It has been two years since the water supply for Flint, Michigan was switched to the caustic Flint River; almost a year since Gov. Snyder finally admitted there was systemic lead poisoning endangering resident’s lives and ordered the reconnection to Detroit’s water system.
For a time last year, the plight of Flint’s residents had full court press. There was outrage en masse. Journalists, activists, and politicians invoked the name Flint to describe the class and racial injustice that still exists in America.
On August 14th, the state of emergency President Obama approved for Flint will have expired. One would have thought Flint’s problems were over. Then, on Friday, July 29, residents received this notice:
“There will be no trash pick-up in the city starting this Monday, Aug. 1, 2016. Until a new agreement is officially in place, we ask the residents not set [sic] their trash out at the curb to prevent animals from disturbing it and make the situation worse.”
For a better part of two weeks, citizens of Flint have had no municipal trash service.
“First the water. Now the trash,” said one Flint resident “What’s next?”
The problem came to a head in July when the city council filed suit against the office of Mayor Karen Weaver after she failed to accept the council’s decision to renew a contract with Flint’s current collector, Republic Services.
The mayor insisted that the council accept the bid of Rizzo Sanitation Services, which had come in at $2 million less than the bid provided by Republic. Flint’s city charter dictates that the council must accept the “lowest responsible” bid.
The council had issues with Rizzo’s not disclosing they had previously employed former Flint Mayor Woodrow Stanley as a consultant.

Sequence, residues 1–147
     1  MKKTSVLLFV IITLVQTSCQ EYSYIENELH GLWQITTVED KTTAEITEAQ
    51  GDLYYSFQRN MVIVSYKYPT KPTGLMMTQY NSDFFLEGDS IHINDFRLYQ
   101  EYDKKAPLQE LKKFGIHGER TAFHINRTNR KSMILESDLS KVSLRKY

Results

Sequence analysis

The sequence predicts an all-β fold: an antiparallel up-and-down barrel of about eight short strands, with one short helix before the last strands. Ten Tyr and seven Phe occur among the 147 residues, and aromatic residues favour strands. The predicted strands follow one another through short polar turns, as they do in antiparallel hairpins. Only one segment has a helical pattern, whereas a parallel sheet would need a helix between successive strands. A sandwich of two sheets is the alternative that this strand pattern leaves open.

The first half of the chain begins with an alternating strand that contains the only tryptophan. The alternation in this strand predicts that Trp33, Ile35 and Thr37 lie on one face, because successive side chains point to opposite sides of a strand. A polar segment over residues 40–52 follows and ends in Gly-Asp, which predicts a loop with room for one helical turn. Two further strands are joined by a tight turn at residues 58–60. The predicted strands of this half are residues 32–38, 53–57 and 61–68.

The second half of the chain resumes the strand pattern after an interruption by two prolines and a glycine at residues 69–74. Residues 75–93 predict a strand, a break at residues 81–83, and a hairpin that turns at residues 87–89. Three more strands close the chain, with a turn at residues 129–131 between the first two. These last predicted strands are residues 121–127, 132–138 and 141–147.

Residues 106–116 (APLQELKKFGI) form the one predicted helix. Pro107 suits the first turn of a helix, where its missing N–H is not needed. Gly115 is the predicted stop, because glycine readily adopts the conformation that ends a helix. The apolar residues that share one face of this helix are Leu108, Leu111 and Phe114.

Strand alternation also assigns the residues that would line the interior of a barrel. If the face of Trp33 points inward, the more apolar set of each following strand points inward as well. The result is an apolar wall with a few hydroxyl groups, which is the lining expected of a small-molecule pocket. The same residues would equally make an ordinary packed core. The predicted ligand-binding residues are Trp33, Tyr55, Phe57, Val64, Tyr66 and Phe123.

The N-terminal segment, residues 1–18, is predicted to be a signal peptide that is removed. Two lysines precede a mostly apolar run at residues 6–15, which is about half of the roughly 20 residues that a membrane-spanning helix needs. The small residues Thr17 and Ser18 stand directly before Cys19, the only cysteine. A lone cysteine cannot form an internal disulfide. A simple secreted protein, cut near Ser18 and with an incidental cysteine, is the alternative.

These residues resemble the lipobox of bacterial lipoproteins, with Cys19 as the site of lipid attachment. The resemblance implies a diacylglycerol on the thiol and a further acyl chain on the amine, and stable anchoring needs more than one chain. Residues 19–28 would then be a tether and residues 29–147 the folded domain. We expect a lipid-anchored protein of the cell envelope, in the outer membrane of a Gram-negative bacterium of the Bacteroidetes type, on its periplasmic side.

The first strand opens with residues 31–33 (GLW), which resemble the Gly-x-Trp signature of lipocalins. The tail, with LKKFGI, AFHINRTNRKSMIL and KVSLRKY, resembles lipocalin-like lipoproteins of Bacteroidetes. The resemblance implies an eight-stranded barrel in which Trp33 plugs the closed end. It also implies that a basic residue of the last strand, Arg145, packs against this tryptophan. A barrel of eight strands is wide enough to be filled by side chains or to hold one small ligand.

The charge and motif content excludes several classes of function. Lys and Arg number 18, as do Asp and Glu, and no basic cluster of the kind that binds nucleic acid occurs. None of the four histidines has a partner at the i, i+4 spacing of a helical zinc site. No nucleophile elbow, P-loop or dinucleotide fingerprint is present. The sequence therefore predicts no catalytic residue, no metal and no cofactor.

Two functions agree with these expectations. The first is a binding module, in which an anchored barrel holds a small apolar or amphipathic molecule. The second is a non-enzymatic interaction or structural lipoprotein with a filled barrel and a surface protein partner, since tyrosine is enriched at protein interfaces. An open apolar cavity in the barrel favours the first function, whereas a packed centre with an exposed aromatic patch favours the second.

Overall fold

“Not only did they not disclose [Stanley’s] relationship, they did not use integrity when answering the question,” said council member Kate Fields. “Lowest responsible bidder has many elements to it.”
The mayor’s office and the city council hit a stalemate. Republic Service’s contract ended July 29 and no new arrangements have been made.
There has been a temporary agreement to have Republic collect trash until August 12. However, many sections of the city have been reportedly skipped and trash has been piling in many of the low income areas.
“We are living in a third world country,” Flint resident Travis Gilbert told MLive.
The issue is due to go to court on August 11, where Genesee County Circuit Judge Joseph Farah may make the final decision on Flint’s trash collection.
And again, on August 14, the state of emergency President Obama approved for Flint’s water crisis will expire. When that happens, the federal financial aid allotted to ensuring Flint’s water safety will also cease. The U.S. Senate went to summer recess before approving any additional aid.
Story produced with information from The Detroit News, Michigan Public Radio, MLive.com and Michigan ABC 10.